Jerry left the Vinegar Works a short time later after a falling out with Jean’s father, and went on to work at General Electric. Jean taught music lessons from their home. With encouragement from Rev. Edward Lintz, Jean began playing the organ at Nativity of the Blessed Virgin Mary Church. All these decades later she continues to play at the church.

The Martin family expanded from two to nine children who all grew up as part of the Brockport community. “The Brockport community was wonderful,” she said. The people were very friendly and welcoming. The children began their education at Nativity Catholic School and walked to school every day. They all went on to graduate from Brockport High School. Despite the growing family, Jean and Jerry were involved with local clubs and became involved with local political groups.

The Martins bought the Brockport Tastee Freez franchise on Route 31 in 1964 and turned it into Martin’s Drive In. Jerry would operate the hot dog, hamburger and ice cream stand during the day and Jean would fill in later in the day. The older children helped out working at the business as well.

Jerry was involved in a fatal automobile accident in 1971. The family was left without a husband and father. During such a time of severe hardship, Jean was able to keep the business going with the help of her mother and children. The discovery of a new type of ice cream machine increased profitability and the business thrived until she decided to close in 1978.

Jean continued teaching piano lessons and became more involved with local politics, serving on the Brockport Village Planning Board and the Sweden Town Council. It was during this time that she met and married Robert Brooks, a local businessman, who has since passed. In 1983 she was elected Sweden Town Supervisor. During her tenure she helped in the development of the Sweden Senior Center.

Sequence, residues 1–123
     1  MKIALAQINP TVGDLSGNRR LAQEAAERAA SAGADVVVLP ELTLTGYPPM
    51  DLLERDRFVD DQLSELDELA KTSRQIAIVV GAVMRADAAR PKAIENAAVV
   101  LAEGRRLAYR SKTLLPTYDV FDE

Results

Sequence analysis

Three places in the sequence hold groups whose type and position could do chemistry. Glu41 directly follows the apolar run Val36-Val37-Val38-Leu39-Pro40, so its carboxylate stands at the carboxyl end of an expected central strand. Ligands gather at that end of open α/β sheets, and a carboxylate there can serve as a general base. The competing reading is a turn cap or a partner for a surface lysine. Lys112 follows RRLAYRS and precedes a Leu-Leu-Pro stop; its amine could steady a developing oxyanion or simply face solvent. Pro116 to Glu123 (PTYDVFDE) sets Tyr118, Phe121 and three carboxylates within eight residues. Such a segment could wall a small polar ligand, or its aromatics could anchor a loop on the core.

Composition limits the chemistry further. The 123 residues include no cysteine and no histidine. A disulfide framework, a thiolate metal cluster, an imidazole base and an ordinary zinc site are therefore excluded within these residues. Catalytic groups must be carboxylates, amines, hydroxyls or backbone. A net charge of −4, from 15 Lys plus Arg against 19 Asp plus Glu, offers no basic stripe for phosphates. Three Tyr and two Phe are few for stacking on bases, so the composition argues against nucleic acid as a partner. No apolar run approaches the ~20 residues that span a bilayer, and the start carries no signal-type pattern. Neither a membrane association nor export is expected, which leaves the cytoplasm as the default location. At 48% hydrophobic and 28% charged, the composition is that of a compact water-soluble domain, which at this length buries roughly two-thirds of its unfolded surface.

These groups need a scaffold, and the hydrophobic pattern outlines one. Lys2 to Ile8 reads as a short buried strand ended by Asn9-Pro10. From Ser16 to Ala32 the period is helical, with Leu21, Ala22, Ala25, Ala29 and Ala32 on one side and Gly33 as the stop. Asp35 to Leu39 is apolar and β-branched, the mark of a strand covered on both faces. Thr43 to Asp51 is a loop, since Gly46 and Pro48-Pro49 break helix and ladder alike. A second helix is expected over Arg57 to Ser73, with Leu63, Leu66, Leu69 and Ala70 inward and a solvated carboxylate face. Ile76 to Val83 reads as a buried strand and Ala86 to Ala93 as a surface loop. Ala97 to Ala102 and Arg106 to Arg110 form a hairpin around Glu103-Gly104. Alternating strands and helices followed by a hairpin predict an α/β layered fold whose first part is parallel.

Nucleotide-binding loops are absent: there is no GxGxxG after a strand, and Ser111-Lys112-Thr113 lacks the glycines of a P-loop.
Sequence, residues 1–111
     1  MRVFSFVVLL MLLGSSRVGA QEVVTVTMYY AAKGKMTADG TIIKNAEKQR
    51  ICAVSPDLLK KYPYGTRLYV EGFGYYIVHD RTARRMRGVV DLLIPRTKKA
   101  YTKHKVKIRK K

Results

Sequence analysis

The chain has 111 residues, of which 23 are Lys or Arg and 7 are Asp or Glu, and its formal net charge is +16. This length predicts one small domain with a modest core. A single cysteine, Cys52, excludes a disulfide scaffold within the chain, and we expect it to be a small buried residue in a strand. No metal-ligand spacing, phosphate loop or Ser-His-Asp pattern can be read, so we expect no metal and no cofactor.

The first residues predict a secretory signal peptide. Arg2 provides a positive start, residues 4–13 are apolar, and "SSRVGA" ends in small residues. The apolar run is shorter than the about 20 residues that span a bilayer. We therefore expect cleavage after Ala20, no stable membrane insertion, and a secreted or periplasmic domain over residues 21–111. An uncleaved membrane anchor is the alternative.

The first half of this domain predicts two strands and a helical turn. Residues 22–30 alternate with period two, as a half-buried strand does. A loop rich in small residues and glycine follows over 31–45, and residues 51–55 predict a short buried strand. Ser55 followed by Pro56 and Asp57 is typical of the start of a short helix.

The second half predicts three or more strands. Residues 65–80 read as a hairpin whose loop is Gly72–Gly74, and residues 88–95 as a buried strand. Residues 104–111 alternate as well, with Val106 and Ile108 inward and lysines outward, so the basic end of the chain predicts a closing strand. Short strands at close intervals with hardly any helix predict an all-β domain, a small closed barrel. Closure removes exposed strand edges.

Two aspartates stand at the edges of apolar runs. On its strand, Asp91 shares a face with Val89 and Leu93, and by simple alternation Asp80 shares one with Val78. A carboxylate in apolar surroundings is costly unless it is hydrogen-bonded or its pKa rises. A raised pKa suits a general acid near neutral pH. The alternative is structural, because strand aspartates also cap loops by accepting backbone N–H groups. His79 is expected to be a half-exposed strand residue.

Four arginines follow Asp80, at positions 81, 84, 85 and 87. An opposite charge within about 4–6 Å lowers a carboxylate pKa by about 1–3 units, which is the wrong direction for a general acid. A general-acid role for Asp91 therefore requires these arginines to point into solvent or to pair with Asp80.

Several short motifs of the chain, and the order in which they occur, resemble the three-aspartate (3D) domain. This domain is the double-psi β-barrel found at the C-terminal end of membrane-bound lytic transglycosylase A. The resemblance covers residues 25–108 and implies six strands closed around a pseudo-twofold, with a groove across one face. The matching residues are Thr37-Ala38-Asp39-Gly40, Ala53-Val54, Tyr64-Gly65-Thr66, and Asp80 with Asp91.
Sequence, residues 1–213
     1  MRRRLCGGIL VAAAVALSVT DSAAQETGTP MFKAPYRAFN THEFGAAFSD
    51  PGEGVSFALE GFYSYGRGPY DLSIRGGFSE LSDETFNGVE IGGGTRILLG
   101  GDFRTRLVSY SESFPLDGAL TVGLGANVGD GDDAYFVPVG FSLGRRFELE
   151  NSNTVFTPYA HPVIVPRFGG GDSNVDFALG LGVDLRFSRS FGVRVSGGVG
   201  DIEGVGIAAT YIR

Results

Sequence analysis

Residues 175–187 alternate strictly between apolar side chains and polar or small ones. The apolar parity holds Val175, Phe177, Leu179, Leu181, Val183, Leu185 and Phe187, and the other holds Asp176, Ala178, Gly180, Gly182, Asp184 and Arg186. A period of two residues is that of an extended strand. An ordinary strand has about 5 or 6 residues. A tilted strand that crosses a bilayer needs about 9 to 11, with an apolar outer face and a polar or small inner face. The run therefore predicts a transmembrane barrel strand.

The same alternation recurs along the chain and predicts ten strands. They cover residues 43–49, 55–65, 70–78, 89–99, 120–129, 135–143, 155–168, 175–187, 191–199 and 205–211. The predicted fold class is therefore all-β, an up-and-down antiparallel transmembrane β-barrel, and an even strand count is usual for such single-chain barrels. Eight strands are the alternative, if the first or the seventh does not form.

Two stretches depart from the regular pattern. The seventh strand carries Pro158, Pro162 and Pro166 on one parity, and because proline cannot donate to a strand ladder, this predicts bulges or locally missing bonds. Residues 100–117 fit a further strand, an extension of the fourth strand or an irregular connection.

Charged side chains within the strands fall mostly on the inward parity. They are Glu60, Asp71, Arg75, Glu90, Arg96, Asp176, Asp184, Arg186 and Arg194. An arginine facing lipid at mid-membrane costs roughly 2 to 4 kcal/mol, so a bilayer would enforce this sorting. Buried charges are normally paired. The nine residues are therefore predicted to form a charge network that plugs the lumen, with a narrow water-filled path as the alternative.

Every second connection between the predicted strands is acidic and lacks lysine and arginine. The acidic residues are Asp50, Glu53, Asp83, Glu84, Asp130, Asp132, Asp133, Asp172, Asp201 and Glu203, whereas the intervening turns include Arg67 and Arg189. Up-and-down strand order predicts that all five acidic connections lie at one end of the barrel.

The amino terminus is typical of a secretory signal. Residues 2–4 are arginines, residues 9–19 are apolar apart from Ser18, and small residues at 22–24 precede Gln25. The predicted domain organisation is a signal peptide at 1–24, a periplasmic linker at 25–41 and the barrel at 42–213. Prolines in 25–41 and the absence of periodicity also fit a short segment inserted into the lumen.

Many of the Martin children have moved out of the area with careers and families of their own. Her son, Christopher, is currently serving as a Brockport Village Court Justice.

Jean remains active in the Brockport community. She enjoys traveling, and is involved with the Sweden Senior Association. She continues to play the organ for Nativity Church and lives very close to her original Brockport family home. “Brockport is home,” Jean said.

The Martin family.

The Martin family.

Jean enjoys traveling, even venturing as far as South Africa with a group of friends.

Jean enjoys traveling, even venturing as far as South Africa with a group of friends.

Jean helped her son Christopher Martin to put on his black justice robe for the first time following his swearing-in as Brockport Village Court Justice in 2017. File photo by Kristina Gabalski

Jean helped her son Christopher Martin to put on his black justice robe for the first time following his swearing-in as Brockport Village Court Justice in 2017. File photo by Kristina Gabalski

Jean Martin Brooks at the Nativity BVM church organ.

Jean Martin Brooks at the Nativity BVM church organ.